The Girl from the Marsh Croft (novella)

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The Girl from the Marsh Croft
Author Selma Lagerlöf
Original titleTösen från Stormyrtorpet
Translator Velma Swanston Howard
Country Sweden
Language Swedish
Publisher Bonniers
Publication date
Published in English
Pages 86

The Girl from the Marsh Croft (Swedish : Tösen från Stormyrtorpet) is a 1908 novella by the Swedish writer Selma Lagerlöf. The story has been adapted numerous times for film.

Swedish language North Germanic language spoken in Sweden

Swedish is a North Germanic language spoken natively by 10 million people, predominantly in Sweden, and in parts of Finland, where it has equal legal standing with Finnish. It is largely mutually intelligible with Norwegian and to some extent with Danish, although the degree of mutual intelligibility is largely dependent on the dialect and accent of the speaker. Both Norwegian and Danish are generally easier for Swedish speakers to read than to listen to because of difference in accent and tone when speaking. Swedish is a descendant of Old Norse, the common language of the Germanic peoples living in Scandinavia during the Viking Era. It has the most speakers of the North Germanic languages.

Selma Lagerlöf Swedish writer

Selma Ottilia Lovisa Lagerlöf was a Swedish author and teacher. She published her first novel, Gösta Berling's Saga, at the age of 33. She was the first female writer to win the Nobel Prize in Literature, which she was awarded in 1909. Additionally, she was the first female to be granted a membership in The Swedish Academy in 1914.



The story was originally featured in the collection En saga om en saga och andra sagor, published through Bonniers in 1908. The whole collection was published in English as The Girl from the Marsh Croft in 1910, translated by Velma Swanston Howard. [1] The story was republished in Sweden in 1917 in its own volume.

Albert Bonniers förlag

Albert Bonniers Förlag is a Swedish publishing company founded in 1837. It claims to be one of the oldest Swedish publishing companies.


Seven film adaptations exist. The first was a 1917 adaptation by Victor Sjöström, known as The Lass from the Stormy Croft , which was a vital early part of what is known as the Golden Age of Swedish Silent Cinema. The other versions are a German and a Turkish in 1935, a Finnish in 1940, another Swedish in 1947, a Danish in 1952 and another German in 1958. [2]

Victor Sjöström Swedish film director, screenwriter and actor

Victor David Sjöström was a pioneering Swedish film director, screenwriter, and actor. He began his career in Sweden, before moving to Hollywood in 1924. Sjöström worked primarily in the silent era; his best known films include The Phantom Carriage (1921), He Who Gets Slapped (1924), and The Wind (1928). Sjöström was Sweden's most prominent director in the "Golden Age of Silent Film" in Europe. Later in life, he played the leading role in Ingmar Bergman's Wild Strawberries (1957).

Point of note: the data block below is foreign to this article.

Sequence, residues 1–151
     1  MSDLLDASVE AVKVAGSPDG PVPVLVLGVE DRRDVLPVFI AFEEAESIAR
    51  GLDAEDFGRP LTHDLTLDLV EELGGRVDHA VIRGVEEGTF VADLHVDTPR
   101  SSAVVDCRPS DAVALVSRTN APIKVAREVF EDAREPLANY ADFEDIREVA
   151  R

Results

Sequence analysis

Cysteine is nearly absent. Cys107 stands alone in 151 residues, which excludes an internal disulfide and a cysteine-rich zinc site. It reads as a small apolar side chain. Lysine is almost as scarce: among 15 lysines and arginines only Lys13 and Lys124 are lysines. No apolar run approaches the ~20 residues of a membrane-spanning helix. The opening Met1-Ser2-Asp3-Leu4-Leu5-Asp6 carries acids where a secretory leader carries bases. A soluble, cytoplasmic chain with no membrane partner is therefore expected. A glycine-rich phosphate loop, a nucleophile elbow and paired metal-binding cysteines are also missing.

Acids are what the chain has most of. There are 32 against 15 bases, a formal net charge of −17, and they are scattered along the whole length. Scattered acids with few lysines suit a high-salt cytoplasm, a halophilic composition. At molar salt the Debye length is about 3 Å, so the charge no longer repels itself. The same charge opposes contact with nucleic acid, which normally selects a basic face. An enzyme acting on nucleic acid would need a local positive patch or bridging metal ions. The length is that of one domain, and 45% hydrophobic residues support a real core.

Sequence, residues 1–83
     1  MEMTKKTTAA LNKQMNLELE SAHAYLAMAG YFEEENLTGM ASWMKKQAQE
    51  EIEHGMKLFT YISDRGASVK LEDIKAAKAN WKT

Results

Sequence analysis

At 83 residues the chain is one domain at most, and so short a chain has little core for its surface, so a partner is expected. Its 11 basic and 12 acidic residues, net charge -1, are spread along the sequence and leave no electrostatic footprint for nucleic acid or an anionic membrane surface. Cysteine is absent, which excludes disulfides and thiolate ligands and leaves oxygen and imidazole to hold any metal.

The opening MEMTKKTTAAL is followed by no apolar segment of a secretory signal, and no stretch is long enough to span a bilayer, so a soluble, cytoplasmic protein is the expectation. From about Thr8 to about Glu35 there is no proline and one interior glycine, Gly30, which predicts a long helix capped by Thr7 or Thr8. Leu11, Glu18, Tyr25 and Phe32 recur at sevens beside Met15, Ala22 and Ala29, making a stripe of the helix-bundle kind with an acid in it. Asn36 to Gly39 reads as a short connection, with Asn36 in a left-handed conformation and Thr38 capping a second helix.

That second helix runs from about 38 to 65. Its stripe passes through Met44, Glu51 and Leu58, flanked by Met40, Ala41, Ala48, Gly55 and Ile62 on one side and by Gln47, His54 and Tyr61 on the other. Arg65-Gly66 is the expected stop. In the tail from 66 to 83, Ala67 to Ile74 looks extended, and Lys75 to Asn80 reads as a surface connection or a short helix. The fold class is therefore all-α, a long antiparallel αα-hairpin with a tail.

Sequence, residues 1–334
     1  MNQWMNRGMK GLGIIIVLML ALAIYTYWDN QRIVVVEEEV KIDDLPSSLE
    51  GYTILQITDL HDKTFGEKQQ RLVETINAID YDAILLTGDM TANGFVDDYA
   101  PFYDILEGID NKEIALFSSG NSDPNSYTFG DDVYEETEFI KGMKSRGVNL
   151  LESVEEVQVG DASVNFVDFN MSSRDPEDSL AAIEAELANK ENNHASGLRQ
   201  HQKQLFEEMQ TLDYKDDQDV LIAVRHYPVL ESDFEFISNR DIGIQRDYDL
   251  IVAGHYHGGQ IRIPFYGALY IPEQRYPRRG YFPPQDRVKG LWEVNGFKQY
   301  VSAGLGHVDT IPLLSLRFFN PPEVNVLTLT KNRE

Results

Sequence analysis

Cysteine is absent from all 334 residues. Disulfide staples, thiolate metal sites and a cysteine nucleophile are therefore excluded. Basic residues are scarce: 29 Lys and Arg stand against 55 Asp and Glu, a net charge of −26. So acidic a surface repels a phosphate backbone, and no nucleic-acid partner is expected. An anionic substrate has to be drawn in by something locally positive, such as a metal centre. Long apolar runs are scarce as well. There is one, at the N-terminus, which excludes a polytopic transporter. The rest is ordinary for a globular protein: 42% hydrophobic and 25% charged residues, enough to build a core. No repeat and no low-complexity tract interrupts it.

<i>The Lass from the Stormy Croft</i> 1917 film by Victor Sjöström

The Lass from the Stormy Croft is a 1917 Swedish drama film directed by Victor Sjöström, based on the 1908 novella with the same title by Selma Lagerlöf. It was the first in a series of successful Lagerlöf adaptions by Sjöström, made possible by a deal between Lagerlöf and A-B Svenska Biografteatern to adapt at least one Lagerlöf novel each year. Lagerlöf had for many years denied any proposal to let her novels be adapted for film, but after seeing Sjöström's Terje Vigen she finally decided to give her consent.

The Girl from the Marsh Croft is a 1935 German drama film directed by Douglas Sirk and starring Hansi Knoteck, Ellen Frank and Kurt Fischer-Fehling. It was adapted from the novel The Girl from the Marsh Croft by Selma Lagerlöf. It has been described as a "prototype Heimatfilm. It was remade in 1958.

See also

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The Girl from the Marsh Croft is a 1958 West German drama film directed by Gustav Ucicky and starring Maria Emo, Claus Holm and Eva Ingeborg Scholz. It was adapted from the novel The Girl from the Marsh Croft by Selma Lagerlöf. It was a remake of a 1935 film of the same name.

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  1. "Selma Lagerlöf - Bibliography". Nobel Media. Retrieved 2012-03-27.
  2. "Tösen från Stormyrtorpet (1917): Kommentar". Swedish Film Database (in Swedish). Swedish Film Institute . Retrieved 2012-03-27.
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